The city’s isolation comes into fuller view in the contrast between her former and present state. Her greatness was manifest in the multitude of people that thronged the city. Now she is like a widow (1:1). Widows, like orphans, were socially and economically vulnerable (see Exodus 22:21; Deuteronomy 24:19-21; 2 Samuel 14:5; 1 Kings 17:12; Job 22:9; 24:3; Psalm 94:6; Isaiah 10:12), in part because they lost access to social networks of support and protection. The Hebrew scriptures emphasize the importance of defending the legal rights of widows (see Deuteronomy 10:18; 24:17; Isaiah 1:23). Comparing Jerusalem to a widow highlights the dissolution of social structures that had previously helped to ensure equitable distribution of needed resources and protections throughout the community.
The loss of family, networks, and infrastructure is paired with loss of status, freedom, and economic self-determination. The city had once been of royal status, internationally recognized and honored. Now she has been reduced to “forced labor” (mas Lamentations 1:1). The Hebrew term mas emphasizes compulsion: it refers to compulsory labor (e.g., 1 Kings 9:21), including enslavement (Exodus 1:11). It was also understood by a Greek translator as referring to imposed tribute more broadly (phoron LXX), which might also include levies of food, raw materials, and crafted goods. The term highlights not only the status of servitude and the immediate conditions of harsh labor, but also a broader, imperial system of despoliation that robbed native peoples of resources and autonomy while imposing ongoing financial and social burdens that were knit into the new fabric of a subjugated society.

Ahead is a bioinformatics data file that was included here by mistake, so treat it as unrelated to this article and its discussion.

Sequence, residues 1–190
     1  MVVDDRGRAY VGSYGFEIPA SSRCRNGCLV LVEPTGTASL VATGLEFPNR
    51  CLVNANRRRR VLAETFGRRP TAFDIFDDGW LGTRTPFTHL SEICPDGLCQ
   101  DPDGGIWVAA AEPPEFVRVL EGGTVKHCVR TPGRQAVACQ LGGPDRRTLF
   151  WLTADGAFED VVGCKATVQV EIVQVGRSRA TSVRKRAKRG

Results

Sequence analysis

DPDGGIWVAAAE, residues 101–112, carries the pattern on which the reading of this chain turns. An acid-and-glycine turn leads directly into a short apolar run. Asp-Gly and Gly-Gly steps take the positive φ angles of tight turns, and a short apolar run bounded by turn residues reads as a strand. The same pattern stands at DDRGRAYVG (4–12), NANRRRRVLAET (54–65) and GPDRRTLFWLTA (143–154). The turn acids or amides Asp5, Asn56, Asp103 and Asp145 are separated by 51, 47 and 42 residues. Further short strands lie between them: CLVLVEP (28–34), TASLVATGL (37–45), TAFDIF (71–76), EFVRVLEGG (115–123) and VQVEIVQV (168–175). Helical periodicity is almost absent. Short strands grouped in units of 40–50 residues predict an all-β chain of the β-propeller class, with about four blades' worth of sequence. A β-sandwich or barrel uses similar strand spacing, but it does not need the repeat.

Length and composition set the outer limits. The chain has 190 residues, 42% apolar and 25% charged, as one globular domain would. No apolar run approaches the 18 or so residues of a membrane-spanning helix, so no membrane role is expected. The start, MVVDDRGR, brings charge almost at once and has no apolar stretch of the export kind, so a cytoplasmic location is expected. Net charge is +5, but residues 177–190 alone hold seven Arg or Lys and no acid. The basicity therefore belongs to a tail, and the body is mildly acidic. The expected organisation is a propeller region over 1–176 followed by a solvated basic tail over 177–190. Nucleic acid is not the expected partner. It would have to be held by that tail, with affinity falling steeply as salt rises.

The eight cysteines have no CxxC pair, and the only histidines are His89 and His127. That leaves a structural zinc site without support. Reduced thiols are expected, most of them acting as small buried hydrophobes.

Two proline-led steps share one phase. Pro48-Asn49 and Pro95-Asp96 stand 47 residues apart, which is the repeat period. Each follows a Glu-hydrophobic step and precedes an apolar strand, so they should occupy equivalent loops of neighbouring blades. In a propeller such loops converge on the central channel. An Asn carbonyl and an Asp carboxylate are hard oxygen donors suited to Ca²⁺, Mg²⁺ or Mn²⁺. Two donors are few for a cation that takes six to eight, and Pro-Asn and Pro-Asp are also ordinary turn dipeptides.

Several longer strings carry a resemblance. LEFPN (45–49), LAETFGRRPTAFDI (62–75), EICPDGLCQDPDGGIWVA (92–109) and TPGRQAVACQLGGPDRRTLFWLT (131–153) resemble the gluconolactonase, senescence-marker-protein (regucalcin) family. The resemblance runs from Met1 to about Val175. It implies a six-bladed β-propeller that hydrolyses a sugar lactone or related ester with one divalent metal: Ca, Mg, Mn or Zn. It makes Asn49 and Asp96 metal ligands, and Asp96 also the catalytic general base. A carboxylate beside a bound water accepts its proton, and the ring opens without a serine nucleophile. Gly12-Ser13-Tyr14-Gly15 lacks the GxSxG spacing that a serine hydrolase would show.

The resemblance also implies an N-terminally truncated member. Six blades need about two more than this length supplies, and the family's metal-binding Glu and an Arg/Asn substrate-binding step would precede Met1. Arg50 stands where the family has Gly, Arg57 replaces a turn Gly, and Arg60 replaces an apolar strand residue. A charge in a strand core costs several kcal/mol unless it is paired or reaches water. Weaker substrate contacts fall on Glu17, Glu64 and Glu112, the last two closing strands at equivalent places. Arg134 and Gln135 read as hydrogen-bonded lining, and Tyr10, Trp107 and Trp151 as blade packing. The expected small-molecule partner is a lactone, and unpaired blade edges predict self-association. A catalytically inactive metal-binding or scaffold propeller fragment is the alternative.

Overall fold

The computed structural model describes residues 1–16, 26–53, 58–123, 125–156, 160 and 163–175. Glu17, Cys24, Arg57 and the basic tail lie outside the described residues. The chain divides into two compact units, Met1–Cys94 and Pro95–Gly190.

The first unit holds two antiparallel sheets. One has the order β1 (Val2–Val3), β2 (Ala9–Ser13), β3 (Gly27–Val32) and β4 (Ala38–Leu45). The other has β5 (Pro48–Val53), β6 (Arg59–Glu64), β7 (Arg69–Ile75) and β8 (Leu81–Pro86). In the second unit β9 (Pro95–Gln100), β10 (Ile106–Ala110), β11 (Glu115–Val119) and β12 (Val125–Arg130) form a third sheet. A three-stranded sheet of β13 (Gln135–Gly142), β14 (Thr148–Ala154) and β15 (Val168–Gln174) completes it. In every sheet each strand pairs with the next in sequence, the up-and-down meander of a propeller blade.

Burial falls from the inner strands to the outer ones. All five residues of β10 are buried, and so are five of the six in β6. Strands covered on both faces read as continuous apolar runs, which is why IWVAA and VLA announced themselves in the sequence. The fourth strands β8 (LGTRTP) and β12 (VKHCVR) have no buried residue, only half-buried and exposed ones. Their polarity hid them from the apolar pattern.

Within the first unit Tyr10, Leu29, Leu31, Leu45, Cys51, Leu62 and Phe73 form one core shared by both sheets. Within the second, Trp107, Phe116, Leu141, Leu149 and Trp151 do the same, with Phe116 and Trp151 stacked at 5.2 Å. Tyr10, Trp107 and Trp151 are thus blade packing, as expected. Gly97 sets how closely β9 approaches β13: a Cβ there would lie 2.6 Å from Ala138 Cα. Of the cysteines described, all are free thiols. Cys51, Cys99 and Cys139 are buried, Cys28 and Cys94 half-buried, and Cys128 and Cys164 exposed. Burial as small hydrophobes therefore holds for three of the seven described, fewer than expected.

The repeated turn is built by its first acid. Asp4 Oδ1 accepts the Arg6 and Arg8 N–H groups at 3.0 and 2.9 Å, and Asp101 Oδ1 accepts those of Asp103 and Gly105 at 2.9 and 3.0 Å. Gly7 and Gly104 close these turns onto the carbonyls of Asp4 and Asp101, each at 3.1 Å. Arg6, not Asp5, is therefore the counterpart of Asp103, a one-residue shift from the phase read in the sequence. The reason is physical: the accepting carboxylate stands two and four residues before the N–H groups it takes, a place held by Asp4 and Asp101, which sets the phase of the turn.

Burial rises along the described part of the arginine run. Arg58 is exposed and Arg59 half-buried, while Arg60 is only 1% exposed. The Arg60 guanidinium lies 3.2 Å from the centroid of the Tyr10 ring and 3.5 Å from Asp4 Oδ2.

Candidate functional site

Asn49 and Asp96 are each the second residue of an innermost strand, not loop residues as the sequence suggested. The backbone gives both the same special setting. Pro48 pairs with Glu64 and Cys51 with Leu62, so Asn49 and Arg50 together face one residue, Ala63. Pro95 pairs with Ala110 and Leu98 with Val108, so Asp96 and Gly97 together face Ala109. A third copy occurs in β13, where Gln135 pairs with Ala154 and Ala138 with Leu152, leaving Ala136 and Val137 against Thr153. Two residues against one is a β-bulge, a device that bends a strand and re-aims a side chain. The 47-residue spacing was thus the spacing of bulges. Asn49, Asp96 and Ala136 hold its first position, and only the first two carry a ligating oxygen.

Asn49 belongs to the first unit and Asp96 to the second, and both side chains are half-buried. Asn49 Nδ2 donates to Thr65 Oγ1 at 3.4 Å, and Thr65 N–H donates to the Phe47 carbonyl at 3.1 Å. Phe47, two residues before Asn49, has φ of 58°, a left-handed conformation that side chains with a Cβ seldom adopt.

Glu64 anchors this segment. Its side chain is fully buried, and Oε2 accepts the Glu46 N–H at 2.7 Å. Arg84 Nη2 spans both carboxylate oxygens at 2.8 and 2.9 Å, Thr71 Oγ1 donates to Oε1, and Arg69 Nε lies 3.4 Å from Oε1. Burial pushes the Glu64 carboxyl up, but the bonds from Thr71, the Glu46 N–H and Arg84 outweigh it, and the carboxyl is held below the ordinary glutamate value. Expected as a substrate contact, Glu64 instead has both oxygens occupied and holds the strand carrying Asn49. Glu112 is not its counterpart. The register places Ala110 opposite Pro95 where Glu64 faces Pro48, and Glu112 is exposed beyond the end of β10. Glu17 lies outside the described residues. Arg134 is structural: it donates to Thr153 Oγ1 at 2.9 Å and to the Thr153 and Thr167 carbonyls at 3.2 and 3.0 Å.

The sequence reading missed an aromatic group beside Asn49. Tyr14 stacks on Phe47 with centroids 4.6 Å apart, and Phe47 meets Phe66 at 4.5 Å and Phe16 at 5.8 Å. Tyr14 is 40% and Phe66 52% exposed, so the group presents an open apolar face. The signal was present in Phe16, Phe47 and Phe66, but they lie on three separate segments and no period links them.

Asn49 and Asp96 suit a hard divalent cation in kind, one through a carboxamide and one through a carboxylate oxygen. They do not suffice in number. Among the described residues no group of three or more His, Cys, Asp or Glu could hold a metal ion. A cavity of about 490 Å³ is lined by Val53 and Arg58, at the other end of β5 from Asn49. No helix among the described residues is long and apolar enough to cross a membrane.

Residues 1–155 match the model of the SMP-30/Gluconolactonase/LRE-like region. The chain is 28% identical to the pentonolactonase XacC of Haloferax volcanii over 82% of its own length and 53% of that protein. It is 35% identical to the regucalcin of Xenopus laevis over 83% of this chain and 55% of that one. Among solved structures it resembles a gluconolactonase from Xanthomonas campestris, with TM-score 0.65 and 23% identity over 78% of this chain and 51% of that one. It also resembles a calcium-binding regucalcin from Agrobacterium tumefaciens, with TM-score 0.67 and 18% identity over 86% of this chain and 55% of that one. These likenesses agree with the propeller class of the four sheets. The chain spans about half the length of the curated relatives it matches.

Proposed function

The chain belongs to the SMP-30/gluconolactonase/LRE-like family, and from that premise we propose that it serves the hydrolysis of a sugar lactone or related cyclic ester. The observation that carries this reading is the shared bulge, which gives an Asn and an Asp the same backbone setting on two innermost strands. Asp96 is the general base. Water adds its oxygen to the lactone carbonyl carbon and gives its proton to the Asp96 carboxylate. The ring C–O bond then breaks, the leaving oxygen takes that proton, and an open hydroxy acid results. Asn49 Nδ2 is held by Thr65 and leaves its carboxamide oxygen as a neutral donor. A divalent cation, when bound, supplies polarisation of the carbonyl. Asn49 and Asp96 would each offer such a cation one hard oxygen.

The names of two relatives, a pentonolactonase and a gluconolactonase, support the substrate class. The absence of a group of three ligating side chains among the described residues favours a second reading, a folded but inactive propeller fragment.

Those burdens have emptied Jerusalem of its people and brought its daily life to a halt. And so, the city who sobs through the night (1:2) is joined by roads that weep, because pilgrims no longer travel on them to worship, commemorate, and celebrate (1:4). The streets are a site of communal memory. They linked Jerusalem to a network of peoples and places that has now been cut off. The lifeblood of the city no longer pulses through its arteries.
If you preach on this passage, summon your community to the site of its devastation, to combat isolation and witness together the breadth and depth of collective trauma. This witnessing is not about voyeurism or missionary tourism. It is about drawing on the shared strength of community to face reality together. Pay attention to the place itself, sit on its ground, mark and mourn its transformations and listen to the story of its streets. Preach also the history revealed in the present. Show the systemic causes of degradation. Preach the way of a people who are grieving (1:4), captive (1:5), hungry, hunted, and exhausted (1:6). Help your people to see and hear.